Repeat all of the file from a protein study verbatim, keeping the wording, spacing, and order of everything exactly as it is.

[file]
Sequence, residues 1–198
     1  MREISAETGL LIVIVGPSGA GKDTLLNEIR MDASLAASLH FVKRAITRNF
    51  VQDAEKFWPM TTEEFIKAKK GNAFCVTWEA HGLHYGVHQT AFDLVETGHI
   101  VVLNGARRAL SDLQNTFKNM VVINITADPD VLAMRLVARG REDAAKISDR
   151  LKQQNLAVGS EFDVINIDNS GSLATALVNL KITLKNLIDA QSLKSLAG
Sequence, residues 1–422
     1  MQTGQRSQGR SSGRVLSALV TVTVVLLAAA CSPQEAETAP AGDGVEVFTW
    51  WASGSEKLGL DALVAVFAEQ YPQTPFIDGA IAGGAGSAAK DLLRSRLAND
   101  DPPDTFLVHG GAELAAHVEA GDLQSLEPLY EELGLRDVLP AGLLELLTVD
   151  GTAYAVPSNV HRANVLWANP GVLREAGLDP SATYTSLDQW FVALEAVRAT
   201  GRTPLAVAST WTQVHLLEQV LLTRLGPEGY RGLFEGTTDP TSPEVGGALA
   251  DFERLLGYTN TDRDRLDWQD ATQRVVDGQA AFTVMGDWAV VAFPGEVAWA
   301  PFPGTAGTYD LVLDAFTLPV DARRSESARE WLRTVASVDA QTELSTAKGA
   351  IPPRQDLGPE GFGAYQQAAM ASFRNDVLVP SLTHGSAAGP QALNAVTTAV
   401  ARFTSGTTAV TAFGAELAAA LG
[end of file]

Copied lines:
Sequence, residues 1–198
     1  MREISAETGL LIVIVGPSGA GKDTLLNEIR MDASLAASLH FVKRAITRNF
    51  VQDAEKFWPM TTEEFIKAKK GNAFCVTWEA HGLHYGVHQT AFDLVETGHI
   101  VVLNGARRAL SDLQNTFKNM VVINITADPD VLAMRLVARG REDAAKISDR
   151  LKQQNLAVGS EFDVINIDNS GSLATALVNL KITLKNLIDA QSLKSLAG
Sequence, residues 1–422
     1  MQTGQRSQGR SSGRVLSALV TVTVVLLAAA CSPQEAETAP AGDGVEVFTW
    51  WASGSEKLGL DALVAVFAEQ YPQTPFIDGA IAGGAGSAAK DLLRSRLAND
   101  DPPDTFLVHG GAELAAHVEA GDLQSLEPLY EELGLRDVLP AGLLELLTVD
   151  GTAYAVPSNV HRANVLWANP GVLREAGLDP SATYTSLDQW FVALEAVRAT
   201  GRTPLAVAST WTQVHLLEQV LLTRLGPEGY RGLFEGTTDP TSPEVGGALA
   251  DFERLLGYTN TDRDRLDWQD ATQRVVDGQA AFTVMGDWAV VAFPGEVAWA
   301  PFPGTAGTYD LVLDAFTLPV DARRSESARE WLRTVASVDA QTELSTAKGA
   351  IPPRQDLGPE GFGAYQQAAM ASFRNDVLVP SLTHGSAAGP QALNAVTTAV
   401  ARFTSGTTAV TAFGAELAAA LG